It looked a bit like this when turned except there’s a rebate at the bottom of the lid which is now inside the pot to retain the lid.  Lid and pot were turned in one, which helped retain the figure of the wood which is 2 year old beech , mellowed in the log, hence the brown colouring.  It also has a little linseed oil on in the picture to retard drying which has suddenly become quite a problem during this Spring drought (rain forecast for Wednesday though).

After turning, I sawed off the lid below its rebate and hollowed out the pot.  First with an inch and a half auger:

The new bench vice is really helpful here, it grips so hard I soften the jaws:

After drilling right through – a pleasant task where I either count the turns (about 10 per inch), day-dream, or drink in the view – I chisel out the remainder of the inside using a gouge with an inside bevel.  This is a bit nerve racking, if I get too greedy with the amount of wood I incorporate into a cut I split the whole thing.  Getting better at this now though, and no probs with this one.

The remainder is smoothed of with a long-handled crooked knife and then a rebate is set in to take the bottom:

I’m hoping to improve and speed up the rebate process, watch this space.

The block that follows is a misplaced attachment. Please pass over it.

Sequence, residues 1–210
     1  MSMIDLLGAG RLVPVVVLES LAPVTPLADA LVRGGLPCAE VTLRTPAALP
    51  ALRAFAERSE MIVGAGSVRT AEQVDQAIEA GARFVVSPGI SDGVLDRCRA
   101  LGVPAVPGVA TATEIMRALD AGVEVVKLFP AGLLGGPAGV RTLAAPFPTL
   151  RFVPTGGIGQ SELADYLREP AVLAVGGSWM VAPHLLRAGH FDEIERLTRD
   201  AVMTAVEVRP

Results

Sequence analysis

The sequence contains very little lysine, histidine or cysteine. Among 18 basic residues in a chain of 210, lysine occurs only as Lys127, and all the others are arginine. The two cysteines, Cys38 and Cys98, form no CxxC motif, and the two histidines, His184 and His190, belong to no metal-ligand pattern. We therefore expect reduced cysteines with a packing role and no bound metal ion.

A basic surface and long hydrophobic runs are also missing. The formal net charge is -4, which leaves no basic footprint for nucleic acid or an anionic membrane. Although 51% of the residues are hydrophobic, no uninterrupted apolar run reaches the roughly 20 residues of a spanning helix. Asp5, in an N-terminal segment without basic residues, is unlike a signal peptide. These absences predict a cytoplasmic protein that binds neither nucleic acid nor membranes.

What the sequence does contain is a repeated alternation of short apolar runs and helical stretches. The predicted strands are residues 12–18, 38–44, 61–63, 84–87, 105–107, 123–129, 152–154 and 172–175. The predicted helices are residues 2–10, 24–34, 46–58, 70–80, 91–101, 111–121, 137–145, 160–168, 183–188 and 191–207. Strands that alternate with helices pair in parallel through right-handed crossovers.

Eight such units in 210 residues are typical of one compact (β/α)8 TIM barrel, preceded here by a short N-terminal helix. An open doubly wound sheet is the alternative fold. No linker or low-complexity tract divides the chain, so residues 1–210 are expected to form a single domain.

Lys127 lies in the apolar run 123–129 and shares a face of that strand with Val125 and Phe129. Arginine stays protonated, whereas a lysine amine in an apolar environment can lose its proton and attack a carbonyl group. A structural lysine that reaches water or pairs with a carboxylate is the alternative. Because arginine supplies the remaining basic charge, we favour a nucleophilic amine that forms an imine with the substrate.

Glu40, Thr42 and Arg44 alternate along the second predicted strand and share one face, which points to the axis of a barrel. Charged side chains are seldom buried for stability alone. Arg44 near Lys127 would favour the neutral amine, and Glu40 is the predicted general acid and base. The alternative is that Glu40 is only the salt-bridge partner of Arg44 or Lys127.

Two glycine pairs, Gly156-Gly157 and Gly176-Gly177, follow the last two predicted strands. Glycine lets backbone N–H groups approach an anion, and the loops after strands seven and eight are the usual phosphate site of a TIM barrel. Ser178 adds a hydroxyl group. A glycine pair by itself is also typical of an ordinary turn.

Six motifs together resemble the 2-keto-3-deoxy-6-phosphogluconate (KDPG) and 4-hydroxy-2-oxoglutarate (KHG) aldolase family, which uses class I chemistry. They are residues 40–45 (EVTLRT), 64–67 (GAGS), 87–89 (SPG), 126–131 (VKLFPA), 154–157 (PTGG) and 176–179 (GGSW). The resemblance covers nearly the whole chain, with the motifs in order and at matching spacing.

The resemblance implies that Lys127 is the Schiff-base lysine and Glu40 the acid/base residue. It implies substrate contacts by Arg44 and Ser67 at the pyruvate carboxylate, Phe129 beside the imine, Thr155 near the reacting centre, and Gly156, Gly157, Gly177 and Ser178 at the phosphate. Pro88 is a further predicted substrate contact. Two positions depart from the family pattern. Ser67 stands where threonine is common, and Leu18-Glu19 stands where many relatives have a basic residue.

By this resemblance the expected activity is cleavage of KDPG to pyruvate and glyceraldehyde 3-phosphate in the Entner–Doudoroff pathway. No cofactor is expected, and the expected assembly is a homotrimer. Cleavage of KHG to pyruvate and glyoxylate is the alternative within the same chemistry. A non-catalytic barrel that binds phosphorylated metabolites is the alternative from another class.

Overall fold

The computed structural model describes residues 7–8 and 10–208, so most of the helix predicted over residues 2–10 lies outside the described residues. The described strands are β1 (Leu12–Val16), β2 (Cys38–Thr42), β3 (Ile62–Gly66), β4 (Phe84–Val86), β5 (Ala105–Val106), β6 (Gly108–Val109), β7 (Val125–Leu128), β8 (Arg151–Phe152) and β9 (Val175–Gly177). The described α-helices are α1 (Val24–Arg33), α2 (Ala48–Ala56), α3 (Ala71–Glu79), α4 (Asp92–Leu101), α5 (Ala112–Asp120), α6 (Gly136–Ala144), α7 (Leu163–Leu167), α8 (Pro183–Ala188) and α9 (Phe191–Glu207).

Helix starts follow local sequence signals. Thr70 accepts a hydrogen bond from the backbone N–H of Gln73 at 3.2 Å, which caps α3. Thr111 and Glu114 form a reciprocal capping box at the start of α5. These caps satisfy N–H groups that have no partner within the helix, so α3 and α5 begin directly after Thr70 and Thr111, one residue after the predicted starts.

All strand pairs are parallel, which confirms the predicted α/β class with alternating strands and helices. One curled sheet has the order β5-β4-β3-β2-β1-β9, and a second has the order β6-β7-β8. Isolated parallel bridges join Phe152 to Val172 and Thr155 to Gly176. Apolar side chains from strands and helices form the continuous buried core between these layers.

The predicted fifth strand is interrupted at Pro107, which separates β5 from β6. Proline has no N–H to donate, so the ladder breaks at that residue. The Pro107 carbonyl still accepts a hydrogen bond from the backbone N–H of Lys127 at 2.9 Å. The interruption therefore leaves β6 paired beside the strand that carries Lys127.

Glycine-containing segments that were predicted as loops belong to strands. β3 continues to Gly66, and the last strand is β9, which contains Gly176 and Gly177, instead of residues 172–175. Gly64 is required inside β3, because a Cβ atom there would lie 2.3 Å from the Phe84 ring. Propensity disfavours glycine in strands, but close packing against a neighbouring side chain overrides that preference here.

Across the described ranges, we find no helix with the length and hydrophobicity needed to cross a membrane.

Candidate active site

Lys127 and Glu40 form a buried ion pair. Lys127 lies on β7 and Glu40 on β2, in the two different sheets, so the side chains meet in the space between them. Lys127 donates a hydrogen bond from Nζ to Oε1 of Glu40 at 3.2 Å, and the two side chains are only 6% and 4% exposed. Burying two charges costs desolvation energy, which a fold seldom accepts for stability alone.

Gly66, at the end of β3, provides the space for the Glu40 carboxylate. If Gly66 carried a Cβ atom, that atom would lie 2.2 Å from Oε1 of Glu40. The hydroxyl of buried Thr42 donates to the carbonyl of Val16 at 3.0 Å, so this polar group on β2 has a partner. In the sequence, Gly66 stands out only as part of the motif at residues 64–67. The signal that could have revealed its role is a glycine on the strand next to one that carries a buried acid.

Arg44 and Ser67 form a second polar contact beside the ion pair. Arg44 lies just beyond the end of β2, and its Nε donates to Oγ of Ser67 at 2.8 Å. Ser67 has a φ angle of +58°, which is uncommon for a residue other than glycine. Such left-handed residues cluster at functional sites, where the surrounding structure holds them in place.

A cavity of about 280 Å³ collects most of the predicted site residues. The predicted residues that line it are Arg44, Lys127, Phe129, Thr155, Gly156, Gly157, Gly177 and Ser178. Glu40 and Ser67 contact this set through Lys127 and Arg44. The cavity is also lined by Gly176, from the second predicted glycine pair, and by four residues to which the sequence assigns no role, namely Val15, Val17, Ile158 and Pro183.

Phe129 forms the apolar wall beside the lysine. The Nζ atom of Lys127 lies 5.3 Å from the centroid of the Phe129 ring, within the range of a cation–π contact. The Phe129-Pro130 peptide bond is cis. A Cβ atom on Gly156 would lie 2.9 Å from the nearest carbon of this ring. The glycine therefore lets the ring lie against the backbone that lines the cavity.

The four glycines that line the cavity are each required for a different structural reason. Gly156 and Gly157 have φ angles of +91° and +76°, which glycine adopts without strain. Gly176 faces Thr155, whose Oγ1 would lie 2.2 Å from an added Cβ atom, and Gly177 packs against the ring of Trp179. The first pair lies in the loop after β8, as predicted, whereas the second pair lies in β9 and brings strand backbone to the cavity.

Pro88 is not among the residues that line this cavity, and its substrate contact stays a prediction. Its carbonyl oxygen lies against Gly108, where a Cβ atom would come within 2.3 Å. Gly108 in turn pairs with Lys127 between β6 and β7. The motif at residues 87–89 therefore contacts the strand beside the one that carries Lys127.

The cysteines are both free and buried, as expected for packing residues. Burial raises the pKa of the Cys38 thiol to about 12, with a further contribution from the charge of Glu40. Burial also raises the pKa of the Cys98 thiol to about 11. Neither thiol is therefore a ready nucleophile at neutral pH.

The bottom is made to be a loose fit as the pot, being quite green (unseasoned) will shrink onto it and make a tight, but not water-tight, fit.

Yesterday Alan called around for a little therapeutic woodwork:

he went home with a couple of items he made, as well as the spatula he was working in the picture above.

Well done Alan, good work!

Pots, sweet and savoury

I’ve been working on shrink pots. These are pots which are made as hollow cylinders and then a dry base is inserted in a rebate.  As the pots dries and shrinks it tightens onto the base.  Unless some kind of caulking is applied a waterproof fit is unlikely, but they are fine for dry goods etc.

Here is some work in progress.

The sycamore one on the far left is carved from a whole log, as is the brown birch one.  All the others are turned, some from a branch or whole stem like the barrel-shaped ash one and the two small birch ones.  The two tall ash ones at right are turned from quartered logs and I think that makes for a good pattern in the grain.  While the pot itself can be a fairly simple shape the tops can be more imaginative.  I’m working on some lumps of burr birch to make tops for the small birch ones, and I turned another quartered ash one yesterday with a top that looks a bit anthropomorphic.  I think these should be quite saleable as they are easily portable and shouldn’t be too expensive.  They will make good presents, which a lot of my sales become, seeing as many people who buy are on holiday.

I made stir-fry for tea last night and topped it with freshly home-roasted buckwheat.  I had the leftovers on my cereal.  I must get a wooden spoon and bowl made for eating breakfast!

And today another load of logs to the yard for maturing into firewood and charcoal.  First burn coming up next week.